Holden Lutheran Church and cemetery (formerly the Norwegian Lutheran Church) are located on Highway 56 within the study area. Built in 1925, the church displays the Neo-Gothic style of construction.

Structures in the study area include small bridges and culverts carrying traffic over the Little Cannon River. Most of these structures display modern construction of metal or concrete. A few foundation remnants, likely from outbuildings, are considered contributing elements within the landscape.

Vegetation Related to Land Use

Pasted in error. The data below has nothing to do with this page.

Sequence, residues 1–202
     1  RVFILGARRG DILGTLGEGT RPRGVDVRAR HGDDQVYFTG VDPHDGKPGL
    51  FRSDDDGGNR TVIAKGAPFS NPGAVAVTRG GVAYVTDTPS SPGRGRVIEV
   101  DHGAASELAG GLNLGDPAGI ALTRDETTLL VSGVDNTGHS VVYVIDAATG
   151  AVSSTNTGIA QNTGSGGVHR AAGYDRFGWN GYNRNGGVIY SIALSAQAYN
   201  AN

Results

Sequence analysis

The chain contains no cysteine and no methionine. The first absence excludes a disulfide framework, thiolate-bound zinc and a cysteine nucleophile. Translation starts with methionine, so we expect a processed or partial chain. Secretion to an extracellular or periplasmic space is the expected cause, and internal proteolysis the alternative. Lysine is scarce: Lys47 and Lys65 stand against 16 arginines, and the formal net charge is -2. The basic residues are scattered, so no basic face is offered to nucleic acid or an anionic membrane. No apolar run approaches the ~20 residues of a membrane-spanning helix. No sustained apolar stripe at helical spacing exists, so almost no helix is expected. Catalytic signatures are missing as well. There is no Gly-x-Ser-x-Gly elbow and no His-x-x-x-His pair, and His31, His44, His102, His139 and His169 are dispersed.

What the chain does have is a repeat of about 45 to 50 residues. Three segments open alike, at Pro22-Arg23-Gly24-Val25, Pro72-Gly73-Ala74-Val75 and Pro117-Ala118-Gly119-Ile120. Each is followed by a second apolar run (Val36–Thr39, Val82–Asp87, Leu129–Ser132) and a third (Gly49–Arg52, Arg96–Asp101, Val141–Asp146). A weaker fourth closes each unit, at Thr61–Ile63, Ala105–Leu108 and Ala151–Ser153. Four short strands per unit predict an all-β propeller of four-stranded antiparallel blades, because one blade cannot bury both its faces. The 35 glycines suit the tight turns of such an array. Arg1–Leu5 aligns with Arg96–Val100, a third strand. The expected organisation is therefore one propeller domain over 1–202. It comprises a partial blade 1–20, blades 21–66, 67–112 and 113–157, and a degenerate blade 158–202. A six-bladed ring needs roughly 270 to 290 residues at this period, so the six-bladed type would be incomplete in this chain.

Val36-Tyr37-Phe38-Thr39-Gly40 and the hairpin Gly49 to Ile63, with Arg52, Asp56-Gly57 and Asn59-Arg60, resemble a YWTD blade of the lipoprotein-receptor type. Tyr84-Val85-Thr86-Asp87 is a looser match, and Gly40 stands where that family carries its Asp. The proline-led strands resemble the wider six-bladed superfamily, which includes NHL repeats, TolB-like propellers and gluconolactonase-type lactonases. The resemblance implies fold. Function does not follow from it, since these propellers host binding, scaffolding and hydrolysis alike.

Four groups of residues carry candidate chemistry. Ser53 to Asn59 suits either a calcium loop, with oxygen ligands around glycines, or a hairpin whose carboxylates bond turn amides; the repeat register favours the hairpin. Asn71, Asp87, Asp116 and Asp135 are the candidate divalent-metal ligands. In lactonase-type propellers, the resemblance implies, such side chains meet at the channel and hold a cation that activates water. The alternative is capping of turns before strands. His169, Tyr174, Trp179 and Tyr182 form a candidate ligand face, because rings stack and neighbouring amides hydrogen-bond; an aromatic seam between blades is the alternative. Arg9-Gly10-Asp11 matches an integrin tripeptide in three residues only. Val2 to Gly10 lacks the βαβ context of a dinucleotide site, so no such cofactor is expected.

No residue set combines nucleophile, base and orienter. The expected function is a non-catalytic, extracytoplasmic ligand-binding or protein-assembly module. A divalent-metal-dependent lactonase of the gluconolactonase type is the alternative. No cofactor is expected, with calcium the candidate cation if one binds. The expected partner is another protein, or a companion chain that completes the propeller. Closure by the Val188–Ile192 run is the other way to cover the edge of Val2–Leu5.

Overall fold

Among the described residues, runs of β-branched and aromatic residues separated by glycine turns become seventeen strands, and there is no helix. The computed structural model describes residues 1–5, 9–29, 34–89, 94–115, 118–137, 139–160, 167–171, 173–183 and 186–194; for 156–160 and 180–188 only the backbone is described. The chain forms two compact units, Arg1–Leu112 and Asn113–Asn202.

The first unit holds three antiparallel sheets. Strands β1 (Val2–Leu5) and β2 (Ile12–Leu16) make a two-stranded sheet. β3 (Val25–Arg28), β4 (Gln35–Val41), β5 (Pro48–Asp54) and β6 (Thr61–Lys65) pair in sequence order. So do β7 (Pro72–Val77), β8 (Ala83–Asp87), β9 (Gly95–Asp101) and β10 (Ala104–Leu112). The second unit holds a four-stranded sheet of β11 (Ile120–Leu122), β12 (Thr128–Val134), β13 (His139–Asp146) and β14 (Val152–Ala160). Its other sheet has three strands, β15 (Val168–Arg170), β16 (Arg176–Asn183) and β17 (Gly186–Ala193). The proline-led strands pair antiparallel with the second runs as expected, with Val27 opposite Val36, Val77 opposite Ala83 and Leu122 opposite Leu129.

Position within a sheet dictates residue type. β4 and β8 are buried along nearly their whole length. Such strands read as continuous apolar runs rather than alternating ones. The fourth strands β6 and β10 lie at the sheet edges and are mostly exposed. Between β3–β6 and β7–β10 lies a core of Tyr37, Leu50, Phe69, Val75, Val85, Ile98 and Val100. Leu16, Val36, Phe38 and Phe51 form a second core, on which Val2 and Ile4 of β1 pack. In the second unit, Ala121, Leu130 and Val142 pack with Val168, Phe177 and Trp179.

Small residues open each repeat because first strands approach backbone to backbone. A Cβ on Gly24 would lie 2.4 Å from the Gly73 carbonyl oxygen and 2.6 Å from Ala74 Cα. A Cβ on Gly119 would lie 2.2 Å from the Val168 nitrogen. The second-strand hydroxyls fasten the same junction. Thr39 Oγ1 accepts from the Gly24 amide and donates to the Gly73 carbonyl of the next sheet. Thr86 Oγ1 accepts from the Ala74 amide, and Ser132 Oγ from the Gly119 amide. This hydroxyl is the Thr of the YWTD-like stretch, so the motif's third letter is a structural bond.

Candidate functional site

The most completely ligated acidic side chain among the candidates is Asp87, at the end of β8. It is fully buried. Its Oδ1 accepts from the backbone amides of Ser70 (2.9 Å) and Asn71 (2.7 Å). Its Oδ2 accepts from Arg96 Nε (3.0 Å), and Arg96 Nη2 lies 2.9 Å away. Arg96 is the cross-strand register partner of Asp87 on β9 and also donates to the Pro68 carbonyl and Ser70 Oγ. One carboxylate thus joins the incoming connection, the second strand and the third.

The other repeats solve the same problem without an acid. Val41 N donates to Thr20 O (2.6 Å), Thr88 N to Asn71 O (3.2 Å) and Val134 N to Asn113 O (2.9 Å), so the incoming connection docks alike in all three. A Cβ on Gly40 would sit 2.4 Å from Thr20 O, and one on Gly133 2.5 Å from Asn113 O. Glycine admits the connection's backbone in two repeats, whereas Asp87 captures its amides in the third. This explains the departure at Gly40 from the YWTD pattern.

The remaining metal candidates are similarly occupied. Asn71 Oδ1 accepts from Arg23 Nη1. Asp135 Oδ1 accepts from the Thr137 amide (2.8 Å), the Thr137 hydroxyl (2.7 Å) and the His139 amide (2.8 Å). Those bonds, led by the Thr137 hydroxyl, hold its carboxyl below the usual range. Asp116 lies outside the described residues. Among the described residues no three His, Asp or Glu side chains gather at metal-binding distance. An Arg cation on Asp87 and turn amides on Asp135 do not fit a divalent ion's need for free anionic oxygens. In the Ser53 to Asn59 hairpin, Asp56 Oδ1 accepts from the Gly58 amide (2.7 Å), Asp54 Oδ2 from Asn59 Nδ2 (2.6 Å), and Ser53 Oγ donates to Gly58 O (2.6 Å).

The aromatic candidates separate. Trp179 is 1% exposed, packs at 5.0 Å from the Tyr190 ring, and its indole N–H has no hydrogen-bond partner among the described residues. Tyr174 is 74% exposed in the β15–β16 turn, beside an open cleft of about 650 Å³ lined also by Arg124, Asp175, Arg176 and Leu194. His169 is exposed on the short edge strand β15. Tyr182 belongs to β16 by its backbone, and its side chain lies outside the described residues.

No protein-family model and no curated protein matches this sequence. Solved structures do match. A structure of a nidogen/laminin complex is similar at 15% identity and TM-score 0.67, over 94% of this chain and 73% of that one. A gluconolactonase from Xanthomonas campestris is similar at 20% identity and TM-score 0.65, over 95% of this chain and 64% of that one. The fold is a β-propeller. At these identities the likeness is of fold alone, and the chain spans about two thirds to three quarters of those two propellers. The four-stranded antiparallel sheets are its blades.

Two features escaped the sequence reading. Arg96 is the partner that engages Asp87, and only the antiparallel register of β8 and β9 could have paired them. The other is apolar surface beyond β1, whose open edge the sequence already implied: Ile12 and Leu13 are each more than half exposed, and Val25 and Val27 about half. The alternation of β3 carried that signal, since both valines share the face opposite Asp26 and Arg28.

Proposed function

Fields and pastures are the predominant types of vegetation within the Sogn Valley study area. Agricultural lands are used for crop and livestock production.

The domestic space of the individual farmsteads features ornamental plantings, and often shelterbelts serve as the boundary between the domestic space and fields or pastures. Wooded areas remain near the creek, on hillsides, and in woodlots scattered throughout the area.

Archeological Resources
A few ruins of farmsteads are found within the Sogn Valley study area. These include foundations and barns or outbuildings without extant supporting buildings or a farmhouse. A dilapidated farmhouse stands on a hillside along 63rd Street.

Clusters